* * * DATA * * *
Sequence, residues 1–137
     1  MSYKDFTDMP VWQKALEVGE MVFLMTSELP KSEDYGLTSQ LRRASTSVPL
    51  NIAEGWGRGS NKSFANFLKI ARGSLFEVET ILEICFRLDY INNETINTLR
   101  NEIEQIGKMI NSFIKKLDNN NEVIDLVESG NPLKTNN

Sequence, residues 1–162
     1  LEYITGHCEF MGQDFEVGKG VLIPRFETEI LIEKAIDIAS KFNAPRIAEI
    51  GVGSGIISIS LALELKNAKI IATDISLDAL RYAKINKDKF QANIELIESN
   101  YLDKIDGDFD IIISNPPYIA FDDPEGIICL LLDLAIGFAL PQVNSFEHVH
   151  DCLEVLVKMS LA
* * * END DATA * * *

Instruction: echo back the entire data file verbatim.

Sequence, residues 1–137
     1  MSYKDFTDMP VWQKALEVGE MVFLMTSELP KSEDYGLTSQ LRRASTSVPL
    51  NIAEGWGRGS NKSFANFLKI ARGSLFEVET ILEICFRLDY INNETINTLR
   101  NEIEQIGKMI NSFIKKLDNN NEVIDLVESG NPLKTNN

Sequence, residues 1–162
     1  LEYITGHCEF MGQDFEVGKG VLIPRFETEI LIEKAIDIAS KFNAPRIAEI
    51  GVGSGIISIS LALELKNAKI IATDISLDAL RYAKINKDKF QANIELIESN
   101  YLDKIDGDFD IIISNPPYIA FDDPEGIICL LLDLAIGFAL PQVNSFEHVH
   151  DCLEVLVKMS LA